National Science Foundation proved after a long study that nitrogen added to soil can make forests absorb more dioxide carbon. But even if nitrogen is one of the most abundant element in the atmosphere, it’s still a pollutant and can have a dramatic influence on the planet’s environment.
Scientists expect the level of nitrogen deposition to increase this century to two or tree times above current levels. The element is released from various sources like farm fertilizer, car exhaust, factory and power plant emission.
Kurt Pregitzer from the University of Nevada, Reno and other scientists have made their research on four experimental forests in northern Michigan. The discovery was quite astonishing as the forests grew very fast, storing and absorbing a lot of CO2. But the interesting facts showed on the forests floor. The decomposition of branches and leaves slowed down because microbes were unable anymore to decompose lignin.
Those microbes are “the gatekeepers of carbon transformation. What we didn’t anticipate was that storage of carbon in soil is directly altered by the addition of nitrogen. The really novel part, I think, is that the microbial community is actually altered.” said Pregitzer.
Because of the slow down of the microbe activity, more dead plant matter stays in the soil. This litter can entrap as much CO2 as can the trees, increasing the level of CO2 that the whole forest could absorb normally. Scientists are not yet able to understand why the decomposition slows down and how exactly the forests entrap carbon dioxide.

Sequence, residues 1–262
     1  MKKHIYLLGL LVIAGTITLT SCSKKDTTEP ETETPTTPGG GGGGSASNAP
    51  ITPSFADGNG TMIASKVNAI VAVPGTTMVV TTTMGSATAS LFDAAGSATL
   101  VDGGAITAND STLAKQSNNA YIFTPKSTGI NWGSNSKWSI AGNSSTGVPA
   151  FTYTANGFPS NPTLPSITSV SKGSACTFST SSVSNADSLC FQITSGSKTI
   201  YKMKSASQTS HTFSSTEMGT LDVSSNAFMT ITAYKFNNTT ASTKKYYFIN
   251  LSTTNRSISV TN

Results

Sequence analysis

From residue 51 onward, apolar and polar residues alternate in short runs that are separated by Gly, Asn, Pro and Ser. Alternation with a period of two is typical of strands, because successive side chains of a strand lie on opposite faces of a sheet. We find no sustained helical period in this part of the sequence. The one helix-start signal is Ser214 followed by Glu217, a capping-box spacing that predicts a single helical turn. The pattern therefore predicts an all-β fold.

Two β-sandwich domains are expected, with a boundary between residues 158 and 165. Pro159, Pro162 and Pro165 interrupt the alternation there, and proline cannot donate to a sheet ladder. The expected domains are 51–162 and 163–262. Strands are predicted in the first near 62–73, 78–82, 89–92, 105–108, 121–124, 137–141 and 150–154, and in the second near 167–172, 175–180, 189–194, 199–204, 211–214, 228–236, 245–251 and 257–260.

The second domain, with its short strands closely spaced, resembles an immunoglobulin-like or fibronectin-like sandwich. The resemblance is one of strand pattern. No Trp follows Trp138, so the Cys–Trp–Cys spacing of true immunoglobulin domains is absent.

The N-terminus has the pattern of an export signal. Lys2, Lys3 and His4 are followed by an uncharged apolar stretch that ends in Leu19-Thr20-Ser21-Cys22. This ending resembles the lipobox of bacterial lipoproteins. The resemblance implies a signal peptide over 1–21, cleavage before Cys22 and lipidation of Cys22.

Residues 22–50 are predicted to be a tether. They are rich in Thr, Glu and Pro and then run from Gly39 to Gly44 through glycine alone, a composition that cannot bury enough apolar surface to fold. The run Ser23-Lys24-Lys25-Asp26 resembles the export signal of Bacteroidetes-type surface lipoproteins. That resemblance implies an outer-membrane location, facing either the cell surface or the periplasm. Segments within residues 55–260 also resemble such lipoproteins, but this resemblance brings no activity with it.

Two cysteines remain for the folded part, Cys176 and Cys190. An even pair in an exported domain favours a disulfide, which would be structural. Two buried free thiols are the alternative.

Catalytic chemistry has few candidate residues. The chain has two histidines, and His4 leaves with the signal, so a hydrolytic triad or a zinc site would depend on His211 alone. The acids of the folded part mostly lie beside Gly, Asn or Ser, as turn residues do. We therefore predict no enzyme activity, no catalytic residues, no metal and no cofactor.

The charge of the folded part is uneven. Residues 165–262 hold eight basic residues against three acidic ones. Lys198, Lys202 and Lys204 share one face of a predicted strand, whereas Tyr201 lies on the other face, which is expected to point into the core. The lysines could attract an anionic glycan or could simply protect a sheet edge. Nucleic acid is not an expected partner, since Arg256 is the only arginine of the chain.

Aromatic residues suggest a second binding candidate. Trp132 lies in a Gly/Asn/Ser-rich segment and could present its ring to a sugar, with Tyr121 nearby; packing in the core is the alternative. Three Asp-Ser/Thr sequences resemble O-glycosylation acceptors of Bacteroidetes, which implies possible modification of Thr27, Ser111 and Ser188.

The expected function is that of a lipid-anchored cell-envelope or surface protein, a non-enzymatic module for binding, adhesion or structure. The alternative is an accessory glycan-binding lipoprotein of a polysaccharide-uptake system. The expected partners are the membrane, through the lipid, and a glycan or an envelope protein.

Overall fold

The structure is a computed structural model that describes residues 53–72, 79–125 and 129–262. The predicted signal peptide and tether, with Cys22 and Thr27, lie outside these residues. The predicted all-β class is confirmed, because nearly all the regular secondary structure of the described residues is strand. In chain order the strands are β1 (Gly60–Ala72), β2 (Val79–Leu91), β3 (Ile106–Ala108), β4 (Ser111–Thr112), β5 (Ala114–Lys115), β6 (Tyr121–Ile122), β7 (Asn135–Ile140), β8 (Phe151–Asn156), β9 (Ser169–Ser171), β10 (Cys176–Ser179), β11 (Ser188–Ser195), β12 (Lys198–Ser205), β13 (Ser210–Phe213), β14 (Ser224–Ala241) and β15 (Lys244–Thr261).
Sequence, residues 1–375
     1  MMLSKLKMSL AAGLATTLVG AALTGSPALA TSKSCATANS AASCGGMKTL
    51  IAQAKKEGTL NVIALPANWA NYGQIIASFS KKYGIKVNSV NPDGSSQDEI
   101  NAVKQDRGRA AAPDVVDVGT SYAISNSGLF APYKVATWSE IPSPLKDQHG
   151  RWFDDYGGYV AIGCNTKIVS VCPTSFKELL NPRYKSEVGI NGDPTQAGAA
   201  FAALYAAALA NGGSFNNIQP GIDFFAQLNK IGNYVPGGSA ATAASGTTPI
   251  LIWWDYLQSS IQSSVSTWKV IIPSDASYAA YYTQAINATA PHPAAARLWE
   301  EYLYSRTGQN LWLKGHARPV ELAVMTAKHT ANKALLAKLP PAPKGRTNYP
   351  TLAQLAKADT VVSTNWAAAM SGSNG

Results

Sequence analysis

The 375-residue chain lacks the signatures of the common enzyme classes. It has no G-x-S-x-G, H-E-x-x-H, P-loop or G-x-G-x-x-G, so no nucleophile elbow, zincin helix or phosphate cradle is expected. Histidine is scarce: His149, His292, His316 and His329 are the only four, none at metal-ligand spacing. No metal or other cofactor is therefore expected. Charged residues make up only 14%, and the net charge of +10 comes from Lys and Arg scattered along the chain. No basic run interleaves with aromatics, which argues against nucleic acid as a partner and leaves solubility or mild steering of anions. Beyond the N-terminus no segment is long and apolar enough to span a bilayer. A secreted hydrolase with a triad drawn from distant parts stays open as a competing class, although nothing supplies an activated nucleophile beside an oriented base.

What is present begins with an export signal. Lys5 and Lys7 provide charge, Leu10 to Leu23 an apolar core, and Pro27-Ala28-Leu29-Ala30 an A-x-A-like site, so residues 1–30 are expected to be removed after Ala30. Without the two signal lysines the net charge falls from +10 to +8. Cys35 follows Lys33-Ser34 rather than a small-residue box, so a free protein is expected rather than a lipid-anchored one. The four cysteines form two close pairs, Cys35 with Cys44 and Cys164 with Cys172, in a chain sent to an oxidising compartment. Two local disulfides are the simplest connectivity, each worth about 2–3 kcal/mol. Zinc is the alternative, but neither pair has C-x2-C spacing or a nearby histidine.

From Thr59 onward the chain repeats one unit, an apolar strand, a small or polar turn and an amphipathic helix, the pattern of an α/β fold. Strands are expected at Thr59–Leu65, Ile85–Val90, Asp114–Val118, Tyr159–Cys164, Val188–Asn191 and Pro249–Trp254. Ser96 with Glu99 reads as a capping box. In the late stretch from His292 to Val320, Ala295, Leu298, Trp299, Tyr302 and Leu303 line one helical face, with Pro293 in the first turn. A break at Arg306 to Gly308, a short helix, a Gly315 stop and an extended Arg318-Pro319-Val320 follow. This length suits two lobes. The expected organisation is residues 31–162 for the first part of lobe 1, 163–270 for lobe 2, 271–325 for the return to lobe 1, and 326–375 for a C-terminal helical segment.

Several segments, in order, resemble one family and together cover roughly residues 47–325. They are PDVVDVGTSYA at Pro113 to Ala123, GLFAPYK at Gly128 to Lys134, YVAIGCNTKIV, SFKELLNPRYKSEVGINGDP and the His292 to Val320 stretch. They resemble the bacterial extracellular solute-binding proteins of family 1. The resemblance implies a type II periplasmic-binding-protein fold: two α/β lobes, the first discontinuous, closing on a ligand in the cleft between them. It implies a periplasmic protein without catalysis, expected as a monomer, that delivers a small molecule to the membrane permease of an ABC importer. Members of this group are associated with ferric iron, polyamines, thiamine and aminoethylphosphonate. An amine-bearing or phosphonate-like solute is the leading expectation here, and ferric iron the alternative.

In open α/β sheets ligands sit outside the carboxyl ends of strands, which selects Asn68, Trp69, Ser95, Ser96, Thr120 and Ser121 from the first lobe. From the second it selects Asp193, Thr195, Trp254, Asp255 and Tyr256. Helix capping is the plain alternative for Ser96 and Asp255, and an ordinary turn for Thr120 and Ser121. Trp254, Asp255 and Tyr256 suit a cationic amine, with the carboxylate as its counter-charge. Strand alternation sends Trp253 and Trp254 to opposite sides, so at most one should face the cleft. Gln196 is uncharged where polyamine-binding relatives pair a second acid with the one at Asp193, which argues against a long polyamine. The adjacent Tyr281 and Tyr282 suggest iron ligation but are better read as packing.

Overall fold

Nitrogen should not be seen as a climate savior, Pregitzer cautioned, because the effects can easily be seen: biodiversity loss, smog, acidification of forests, streams and lakes.
The experimental forests have all passed saturation, the point at which they can no longer absorb nitrogen, the element being released into groundwater. Future forests will be as well saturated leaching nitrogen into aquatic ecosystems. Leaching might not be a bad thing as the nitrogen excess could be taken by nearby plants. But people who drink the water with too much nitrogen could face blue baby syndrome, a potentially fatal blood disease that affects kids. Once in water, nitrogen goes to lakes and oceans, increasing the growth of phytoplankton, robbing water of oxygen and suffocating the aquatic creatures.
And like this wouldn’t be enough, saturating forests with nitrogen will lead to more nitrous oxide emission, a potent greenhouse gas. Nitrous oxide emissions in other areas, scientists say, could even offset the climate benefit of northern forests as carbon sinks.
Question everybody has in their mind is: “can nitrogen be considered good as it accelerates plant growth and slows decomposition or is it bad as it accelerates climate change through those emissions.”